Sweden was different during the pandemic, stubbornly staying open as other countries shut down borders, schools, restaurants, and workplaces. This choice created a massive interest in Sweden, and never before have the foreign media reported so much about the country. Many outsiders saw it as a reckless experiment with people’s lives. In April 2020 President Donald Trump declared that “Sweden is paying heavily for its decision not to lockdown.”1 In the New York Times, Sweden’s laissez faire approach was described as “the world’s cautionary tale” and in the same pages Sweden was described as a “pariah state.”2
There remains a popular perception in the rest of the world that Sweden’s strategy resulted in a human disaster, and many people think that Swedish decisionmakers came to regret the strategy and, in the end, adopted lockdown policies similar to those in other countries. This paper dispels those unwarranted assumptions, describes Sweden’s actual pandemic policy, explains why the country followed that course, and presents what we know about the results so far.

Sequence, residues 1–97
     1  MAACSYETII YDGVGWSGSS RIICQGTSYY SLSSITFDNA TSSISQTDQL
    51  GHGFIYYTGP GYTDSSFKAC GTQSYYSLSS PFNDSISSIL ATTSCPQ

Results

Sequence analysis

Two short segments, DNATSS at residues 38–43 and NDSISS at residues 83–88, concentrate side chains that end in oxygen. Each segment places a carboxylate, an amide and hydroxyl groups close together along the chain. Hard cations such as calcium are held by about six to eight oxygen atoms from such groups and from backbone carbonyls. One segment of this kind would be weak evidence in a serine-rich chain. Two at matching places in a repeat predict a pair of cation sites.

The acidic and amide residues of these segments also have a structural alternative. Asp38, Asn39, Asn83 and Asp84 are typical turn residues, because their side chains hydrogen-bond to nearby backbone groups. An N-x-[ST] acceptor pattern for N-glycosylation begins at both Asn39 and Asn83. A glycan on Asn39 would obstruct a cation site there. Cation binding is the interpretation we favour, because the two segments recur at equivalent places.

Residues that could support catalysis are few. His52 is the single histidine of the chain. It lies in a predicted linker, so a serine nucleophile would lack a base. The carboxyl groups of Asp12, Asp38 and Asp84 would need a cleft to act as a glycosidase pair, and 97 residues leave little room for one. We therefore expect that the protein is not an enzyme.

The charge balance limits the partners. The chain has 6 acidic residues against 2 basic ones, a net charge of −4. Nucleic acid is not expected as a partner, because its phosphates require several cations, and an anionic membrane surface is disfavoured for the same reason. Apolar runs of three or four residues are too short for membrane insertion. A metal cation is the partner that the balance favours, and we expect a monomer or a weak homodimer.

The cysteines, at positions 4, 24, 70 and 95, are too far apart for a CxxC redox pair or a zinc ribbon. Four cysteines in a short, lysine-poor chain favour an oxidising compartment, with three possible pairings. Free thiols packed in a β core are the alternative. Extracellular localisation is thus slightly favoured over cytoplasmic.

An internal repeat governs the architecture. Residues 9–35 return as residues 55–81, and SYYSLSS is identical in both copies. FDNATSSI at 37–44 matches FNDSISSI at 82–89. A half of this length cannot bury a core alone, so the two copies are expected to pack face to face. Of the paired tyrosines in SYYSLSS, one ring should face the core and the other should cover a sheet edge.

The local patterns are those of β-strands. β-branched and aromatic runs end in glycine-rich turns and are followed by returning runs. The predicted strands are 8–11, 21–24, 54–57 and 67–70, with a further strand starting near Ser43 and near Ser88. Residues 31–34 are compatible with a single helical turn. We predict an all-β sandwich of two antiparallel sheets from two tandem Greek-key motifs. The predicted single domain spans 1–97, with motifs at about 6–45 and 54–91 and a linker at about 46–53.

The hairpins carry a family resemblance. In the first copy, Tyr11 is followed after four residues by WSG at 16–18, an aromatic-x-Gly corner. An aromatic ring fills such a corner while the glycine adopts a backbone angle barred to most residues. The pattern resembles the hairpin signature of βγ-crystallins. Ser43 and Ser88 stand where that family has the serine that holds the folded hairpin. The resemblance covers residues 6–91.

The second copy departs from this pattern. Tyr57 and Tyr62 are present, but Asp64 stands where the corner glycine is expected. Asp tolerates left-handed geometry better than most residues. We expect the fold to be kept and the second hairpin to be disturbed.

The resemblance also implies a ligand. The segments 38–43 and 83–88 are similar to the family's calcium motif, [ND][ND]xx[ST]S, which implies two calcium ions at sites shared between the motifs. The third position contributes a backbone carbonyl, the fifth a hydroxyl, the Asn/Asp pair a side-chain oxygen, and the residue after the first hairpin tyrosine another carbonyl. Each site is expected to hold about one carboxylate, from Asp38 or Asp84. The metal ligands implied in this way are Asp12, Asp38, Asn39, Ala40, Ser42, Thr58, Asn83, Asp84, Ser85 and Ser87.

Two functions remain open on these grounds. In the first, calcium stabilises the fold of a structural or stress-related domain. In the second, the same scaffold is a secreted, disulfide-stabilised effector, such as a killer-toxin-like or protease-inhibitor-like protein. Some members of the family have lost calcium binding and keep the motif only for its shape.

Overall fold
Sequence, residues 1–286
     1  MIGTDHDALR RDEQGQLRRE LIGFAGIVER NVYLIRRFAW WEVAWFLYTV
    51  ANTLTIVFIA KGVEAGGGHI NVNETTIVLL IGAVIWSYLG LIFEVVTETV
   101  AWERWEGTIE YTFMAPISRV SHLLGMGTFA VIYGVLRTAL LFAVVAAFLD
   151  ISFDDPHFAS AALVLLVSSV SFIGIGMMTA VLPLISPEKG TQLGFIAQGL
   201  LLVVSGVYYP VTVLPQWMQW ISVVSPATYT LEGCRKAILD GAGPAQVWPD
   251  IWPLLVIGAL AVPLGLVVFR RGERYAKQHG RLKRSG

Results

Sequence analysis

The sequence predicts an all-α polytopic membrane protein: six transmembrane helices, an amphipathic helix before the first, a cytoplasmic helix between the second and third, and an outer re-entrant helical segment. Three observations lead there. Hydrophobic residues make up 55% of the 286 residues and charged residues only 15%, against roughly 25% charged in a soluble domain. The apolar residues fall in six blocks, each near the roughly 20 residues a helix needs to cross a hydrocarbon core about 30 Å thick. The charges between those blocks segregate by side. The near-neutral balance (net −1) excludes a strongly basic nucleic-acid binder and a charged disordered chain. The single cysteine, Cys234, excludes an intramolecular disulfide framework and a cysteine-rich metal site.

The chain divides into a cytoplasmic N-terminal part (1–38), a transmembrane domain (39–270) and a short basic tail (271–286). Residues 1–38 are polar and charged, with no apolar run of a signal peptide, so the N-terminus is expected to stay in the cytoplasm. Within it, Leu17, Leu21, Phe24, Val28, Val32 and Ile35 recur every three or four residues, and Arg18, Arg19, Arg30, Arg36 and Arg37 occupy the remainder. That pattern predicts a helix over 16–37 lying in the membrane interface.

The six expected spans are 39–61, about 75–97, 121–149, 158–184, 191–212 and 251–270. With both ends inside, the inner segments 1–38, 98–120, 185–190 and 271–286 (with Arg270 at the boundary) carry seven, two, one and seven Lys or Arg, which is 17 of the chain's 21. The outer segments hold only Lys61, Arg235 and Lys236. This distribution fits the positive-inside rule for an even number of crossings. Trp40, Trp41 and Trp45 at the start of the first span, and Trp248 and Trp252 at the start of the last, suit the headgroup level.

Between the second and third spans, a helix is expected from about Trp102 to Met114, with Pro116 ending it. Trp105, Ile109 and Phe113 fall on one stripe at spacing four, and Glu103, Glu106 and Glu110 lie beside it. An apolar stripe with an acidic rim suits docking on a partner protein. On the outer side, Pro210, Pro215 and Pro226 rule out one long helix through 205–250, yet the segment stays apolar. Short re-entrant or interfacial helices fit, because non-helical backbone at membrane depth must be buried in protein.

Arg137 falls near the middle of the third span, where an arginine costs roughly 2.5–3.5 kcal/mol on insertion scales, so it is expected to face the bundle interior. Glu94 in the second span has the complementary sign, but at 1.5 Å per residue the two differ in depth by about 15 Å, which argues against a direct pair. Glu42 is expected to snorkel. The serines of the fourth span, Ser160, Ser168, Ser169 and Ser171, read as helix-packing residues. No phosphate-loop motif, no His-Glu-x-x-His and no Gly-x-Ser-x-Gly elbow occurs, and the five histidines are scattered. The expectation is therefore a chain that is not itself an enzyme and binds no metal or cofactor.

Related: Waiting for a deep dive into the costs and benefits of taxpayer supported Dane County Madison Public Health mandates.
“Well, it’s kind of too bad that we’ve got the smartest people at our universities, and yet we have to create a law to tell them how to teach.”
The data clearly indicate that being able to read is not a requirement for graduation at (Madison) East, especially if you are black or Hispanic”
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